A block tag has a @tag form that appears at the beginning of a line. It ignores the leading asterisks, white space, and the separator(/**). @see is one such example of a block tag.

An inline tag appears within braces and has a form of {@tag}. And it should be allowed and interpreted anywhere that text is allowed. We can use other tags also with inline tags. It can exist anywhere in descriptions or comments:

/**
 * Some description here.
 *
 * @see java.lang.Object
 * @return  This will return {@link #toString() string} response.
 */

5.2. Displaying @see and @link Tag

The main difference between the @see and @link tags is that one generates an in-line link, whereas the other displays the link in the “See Also” section. Also, the @link tag begins and ends with curly braces that separate it from the rest of the in-line text. Since the @see tag is a block tag, we will create it explicitly:

Consider the following example displaying the output for @see and @link tag:

/**
 *
 * Use {@link String#toLowerCase()} for conversion to lower case alphabets.
 * @deprecated As of Java 1.8 {@link java.security.Certificate} is deprecated.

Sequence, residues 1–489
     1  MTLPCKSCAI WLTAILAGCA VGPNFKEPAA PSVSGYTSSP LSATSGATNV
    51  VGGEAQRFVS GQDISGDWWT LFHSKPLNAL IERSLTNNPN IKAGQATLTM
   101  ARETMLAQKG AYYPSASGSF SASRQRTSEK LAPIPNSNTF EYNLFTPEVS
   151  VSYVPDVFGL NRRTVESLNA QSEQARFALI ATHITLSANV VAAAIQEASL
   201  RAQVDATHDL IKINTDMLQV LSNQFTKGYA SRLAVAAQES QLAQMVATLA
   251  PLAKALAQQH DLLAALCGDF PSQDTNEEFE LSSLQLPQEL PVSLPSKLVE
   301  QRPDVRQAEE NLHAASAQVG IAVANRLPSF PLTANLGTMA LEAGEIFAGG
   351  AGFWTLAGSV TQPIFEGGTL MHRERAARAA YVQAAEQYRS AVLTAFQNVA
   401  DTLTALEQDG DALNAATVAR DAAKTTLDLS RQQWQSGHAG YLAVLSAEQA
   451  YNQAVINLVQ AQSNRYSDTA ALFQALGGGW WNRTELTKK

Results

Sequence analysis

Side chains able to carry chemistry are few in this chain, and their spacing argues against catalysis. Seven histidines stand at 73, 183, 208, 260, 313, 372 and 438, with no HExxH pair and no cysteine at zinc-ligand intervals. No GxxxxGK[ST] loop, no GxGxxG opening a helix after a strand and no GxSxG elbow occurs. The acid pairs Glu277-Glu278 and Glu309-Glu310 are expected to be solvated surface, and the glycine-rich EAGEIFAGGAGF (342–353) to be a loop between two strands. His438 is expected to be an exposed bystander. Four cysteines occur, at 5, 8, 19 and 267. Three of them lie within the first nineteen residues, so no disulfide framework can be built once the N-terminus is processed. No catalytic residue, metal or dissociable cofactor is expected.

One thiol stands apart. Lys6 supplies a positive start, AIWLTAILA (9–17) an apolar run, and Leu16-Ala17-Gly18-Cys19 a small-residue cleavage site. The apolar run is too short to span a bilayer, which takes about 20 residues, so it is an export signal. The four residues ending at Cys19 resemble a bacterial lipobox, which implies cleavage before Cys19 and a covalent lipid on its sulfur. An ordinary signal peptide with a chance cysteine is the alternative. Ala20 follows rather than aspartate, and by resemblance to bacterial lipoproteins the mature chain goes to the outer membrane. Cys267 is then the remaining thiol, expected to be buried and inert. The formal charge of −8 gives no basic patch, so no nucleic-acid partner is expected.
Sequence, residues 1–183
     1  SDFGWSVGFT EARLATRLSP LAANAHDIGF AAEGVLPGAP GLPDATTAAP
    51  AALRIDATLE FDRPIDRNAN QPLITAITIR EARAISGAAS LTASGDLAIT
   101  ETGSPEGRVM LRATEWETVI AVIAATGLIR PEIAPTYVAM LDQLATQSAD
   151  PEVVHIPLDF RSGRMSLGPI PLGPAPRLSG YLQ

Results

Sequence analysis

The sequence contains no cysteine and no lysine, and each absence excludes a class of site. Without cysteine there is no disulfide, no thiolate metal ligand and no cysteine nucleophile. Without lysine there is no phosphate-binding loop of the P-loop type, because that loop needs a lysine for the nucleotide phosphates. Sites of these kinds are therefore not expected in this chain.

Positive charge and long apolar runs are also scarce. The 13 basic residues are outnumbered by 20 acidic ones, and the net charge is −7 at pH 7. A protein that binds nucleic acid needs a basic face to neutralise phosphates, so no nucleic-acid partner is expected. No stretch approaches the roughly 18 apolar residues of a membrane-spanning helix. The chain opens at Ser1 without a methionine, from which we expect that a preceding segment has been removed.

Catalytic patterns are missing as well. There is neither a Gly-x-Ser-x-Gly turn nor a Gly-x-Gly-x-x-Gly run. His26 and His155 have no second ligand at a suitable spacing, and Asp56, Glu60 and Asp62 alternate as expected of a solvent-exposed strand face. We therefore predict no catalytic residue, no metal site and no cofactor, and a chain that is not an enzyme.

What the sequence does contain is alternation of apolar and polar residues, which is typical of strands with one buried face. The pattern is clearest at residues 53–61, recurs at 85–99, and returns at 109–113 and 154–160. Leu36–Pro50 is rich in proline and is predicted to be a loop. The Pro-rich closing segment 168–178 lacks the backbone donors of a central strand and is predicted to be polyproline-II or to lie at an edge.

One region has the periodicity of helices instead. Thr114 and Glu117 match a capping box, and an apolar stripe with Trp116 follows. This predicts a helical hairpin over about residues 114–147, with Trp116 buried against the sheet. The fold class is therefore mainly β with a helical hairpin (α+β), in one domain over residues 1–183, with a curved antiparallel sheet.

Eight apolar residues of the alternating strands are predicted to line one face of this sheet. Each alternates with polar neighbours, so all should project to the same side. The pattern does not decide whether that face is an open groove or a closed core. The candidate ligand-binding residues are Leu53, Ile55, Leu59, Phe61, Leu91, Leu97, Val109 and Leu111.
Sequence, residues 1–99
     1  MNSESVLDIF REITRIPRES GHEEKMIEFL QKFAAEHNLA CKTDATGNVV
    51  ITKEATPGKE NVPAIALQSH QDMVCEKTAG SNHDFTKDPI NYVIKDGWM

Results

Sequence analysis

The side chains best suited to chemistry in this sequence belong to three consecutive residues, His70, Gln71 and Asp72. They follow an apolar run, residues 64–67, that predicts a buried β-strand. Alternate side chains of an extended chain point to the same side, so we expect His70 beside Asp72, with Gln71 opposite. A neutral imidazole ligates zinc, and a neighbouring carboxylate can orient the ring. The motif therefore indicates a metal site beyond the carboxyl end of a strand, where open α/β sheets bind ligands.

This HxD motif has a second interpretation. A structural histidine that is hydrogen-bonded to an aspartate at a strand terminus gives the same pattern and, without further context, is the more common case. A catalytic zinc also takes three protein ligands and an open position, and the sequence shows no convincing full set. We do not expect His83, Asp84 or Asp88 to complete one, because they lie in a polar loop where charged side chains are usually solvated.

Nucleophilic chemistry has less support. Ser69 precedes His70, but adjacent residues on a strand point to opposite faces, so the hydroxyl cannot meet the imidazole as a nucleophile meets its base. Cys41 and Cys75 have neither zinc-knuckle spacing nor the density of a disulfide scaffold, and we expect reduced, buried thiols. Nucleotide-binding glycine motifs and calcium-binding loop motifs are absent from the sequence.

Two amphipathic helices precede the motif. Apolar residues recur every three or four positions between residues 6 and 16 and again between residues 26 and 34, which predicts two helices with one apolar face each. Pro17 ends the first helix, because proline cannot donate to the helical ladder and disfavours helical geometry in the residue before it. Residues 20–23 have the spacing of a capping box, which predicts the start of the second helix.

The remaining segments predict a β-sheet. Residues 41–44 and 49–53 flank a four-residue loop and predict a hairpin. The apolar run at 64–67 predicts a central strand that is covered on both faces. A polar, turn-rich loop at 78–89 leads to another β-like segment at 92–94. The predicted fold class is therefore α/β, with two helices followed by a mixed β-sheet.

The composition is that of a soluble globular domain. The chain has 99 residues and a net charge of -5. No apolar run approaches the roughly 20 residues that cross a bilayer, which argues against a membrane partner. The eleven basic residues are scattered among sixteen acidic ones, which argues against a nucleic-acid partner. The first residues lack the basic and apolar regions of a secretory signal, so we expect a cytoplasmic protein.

* @return {@link String} object
 * @see <a href="http://www.baeldung.com">Baeldung</a>
 * @see String#hashCode() hashCode
 */
public String someMethod() {
  // perform some function
  return "";
}

This will generate the following output in the Javadoc:


5.3. Using @see and @link Tag

A block tag is used independently and cannot be used with other tags. On the other hand, an inline tag is used inside a doc comment or as an inline link. We can use the @link tag with other block tags also. Consider the following example where we are using the @link tag with some other block tag:

/**
 * Some description here.
 *
 * @see java.lang.Object
 * This is a {@link #getClass() } method.
 * @see #getClass() Use {@link #toString()} for String conversion.
 * @deprecated As of JDK 1.1, replaced by {@link #someMethod()}
 */

6. Conclusion

In this tutorial, we talked about using @see and @link tags correctly. Then we described the types of comment tags and different ways of using @see them. Finally, we also described some of the major differences between the @see and the @link tag. In short, we can use the @see tag for displaying a link or a text that points to a reference, and the @link tag describes a link in the text or some other tag as inline.